College of Forestry News

Oregon State University’s College of Forestry is hosting two information sessions for the public regarding OSU’s 10 research forests and the creation of new individual forest management plans to guide the future of those tracts.

Even though we’ve had a mild summer, conifers in Oregon are still getting hit hard by several years of drought, to the point that many are dying.

The Oregon State University College of Forestry is inviting the public to participate in discussions regarding the Elliott State Forest next month in North Bend, Reedsport and Roseburg.

Founded by OSU forestry professor T. J. Starker in 1936, Starker Forests now holds more than 87,000 acres of timberland in five Western Oregon counties, and Blanchard has lived through much of the company’s history.

Assistant professor Ben Leshchinsky and collaborators report unstable slopes on Oregon’s coastline could see a 30 percent jump in landslide movements if extreme storms become frequent enough to increase seacliff erosion by 10 percent.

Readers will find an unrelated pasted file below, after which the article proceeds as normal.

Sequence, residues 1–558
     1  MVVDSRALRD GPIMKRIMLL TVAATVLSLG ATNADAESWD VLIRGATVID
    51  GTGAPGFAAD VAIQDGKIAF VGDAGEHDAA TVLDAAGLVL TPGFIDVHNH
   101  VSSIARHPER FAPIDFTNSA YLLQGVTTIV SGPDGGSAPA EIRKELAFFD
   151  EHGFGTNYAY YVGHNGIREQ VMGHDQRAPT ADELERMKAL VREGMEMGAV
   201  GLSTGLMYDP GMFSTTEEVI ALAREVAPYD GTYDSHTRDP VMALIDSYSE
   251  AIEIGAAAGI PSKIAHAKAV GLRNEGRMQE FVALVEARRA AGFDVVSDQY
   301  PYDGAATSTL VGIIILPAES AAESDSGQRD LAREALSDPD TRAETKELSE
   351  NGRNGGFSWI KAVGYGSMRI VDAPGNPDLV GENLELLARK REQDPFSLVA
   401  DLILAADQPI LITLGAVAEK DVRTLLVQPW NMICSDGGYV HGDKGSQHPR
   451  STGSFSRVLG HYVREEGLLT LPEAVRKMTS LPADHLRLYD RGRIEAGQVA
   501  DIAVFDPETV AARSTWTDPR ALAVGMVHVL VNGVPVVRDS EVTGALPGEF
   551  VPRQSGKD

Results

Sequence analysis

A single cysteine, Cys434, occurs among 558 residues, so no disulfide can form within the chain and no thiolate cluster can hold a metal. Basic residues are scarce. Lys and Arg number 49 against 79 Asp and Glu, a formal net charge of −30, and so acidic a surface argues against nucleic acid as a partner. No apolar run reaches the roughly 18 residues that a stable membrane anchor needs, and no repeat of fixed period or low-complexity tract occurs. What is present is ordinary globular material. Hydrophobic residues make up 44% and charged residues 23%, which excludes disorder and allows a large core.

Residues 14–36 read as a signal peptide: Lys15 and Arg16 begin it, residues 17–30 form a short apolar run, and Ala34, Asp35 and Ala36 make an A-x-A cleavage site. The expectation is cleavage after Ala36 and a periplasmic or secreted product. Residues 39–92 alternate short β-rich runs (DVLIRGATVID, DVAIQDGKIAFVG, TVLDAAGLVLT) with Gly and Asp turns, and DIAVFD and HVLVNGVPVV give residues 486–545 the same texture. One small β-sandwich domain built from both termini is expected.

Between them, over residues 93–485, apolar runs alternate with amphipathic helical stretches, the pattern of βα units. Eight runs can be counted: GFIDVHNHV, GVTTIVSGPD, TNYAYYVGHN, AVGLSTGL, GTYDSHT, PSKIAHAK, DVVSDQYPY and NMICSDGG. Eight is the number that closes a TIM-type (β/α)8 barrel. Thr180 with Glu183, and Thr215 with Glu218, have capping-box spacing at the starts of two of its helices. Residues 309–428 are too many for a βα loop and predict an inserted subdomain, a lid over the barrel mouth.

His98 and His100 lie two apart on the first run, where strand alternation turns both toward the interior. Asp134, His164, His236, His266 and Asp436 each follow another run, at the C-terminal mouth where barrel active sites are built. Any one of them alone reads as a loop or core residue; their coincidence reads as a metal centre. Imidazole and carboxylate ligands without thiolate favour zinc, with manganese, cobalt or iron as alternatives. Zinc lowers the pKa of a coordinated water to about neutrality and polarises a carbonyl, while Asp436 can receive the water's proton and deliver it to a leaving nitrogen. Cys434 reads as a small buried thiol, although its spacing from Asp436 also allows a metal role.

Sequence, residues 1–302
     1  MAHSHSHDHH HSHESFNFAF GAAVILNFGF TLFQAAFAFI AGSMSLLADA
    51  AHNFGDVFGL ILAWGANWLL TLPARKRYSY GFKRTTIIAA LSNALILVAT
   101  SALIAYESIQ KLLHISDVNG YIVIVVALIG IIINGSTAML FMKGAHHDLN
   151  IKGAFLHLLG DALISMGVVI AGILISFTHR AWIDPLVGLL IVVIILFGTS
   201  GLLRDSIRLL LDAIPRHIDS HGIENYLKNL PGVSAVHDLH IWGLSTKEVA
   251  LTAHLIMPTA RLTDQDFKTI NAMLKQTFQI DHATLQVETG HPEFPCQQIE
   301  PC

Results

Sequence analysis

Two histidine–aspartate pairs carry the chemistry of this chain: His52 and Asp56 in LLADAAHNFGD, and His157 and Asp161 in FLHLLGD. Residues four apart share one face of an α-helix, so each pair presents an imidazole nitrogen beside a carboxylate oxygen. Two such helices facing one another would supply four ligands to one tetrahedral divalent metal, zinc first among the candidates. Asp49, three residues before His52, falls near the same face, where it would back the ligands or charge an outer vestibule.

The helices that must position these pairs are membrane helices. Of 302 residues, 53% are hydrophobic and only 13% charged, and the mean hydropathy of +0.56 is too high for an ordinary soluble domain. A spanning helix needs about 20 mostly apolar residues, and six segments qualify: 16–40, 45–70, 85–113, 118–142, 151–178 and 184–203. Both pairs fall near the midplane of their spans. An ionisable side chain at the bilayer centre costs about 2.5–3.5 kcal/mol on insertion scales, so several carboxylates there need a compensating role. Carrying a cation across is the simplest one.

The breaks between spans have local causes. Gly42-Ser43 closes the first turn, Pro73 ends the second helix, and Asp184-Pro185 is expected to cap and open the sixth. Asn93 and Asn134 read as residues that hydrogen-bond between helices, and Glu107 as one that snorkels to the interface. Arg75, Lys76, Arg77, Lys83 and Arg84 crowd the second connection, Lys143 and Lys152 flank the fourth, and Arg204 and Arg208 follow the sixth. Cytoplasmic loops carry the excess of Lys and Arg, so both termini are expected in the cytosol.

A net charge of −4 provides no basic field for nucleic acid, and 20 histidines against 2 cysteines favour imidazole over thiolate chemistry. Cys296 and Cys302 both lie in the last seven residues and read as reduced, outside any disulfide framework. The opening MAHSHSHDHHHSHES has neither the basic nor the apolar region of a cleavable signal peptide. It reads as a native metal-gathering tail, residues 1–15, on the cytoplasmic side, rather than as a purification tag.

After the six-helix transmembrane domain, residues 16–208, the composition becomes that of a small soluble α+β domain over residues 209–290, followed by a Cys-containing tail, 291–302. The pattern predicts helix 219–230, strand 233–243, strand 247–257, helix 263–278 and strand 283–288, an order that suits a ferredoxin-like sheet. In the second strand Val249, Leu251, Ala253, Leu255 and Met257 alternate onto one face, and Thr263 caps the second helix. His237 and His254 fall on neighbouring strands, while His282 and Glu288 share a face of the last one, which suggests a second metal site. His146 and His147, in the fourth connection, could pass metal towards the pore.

Tammy Cushing

Next year, Tammy Cushing, an Extension forest business specialist at Oregon State University, will become the third woman to serve as president of the largest professional society of foresters in the world.

The annual Starker Lecture Series at Oregon State University will this year focus on tribal forestry with a film, three lectures and a capstone field trip.

Elliot forest

Anthony Davis, interim dean of the College of Forestry at Oregon State University, was interviewed on OPB's Think Out Loud about what the Elliott State Forest could bring to the college as a research forest.

Swiss Needle Cast

The epidemic of Swiss needle cast on the wet and foggy west slope of the Oregon Coast Range has intensified as recent climate trends make the environment friendlier to the fungal disease that hits Douglas-fir, the most important timber species in the Pacific Northwest.

Christopher Dunn

“We’re still digging in our heels like we always have and we’re just going after it more and more and more, rather than backing off and taking a different assessment,” said Chris Dunn, who studies fire at Oregon State University.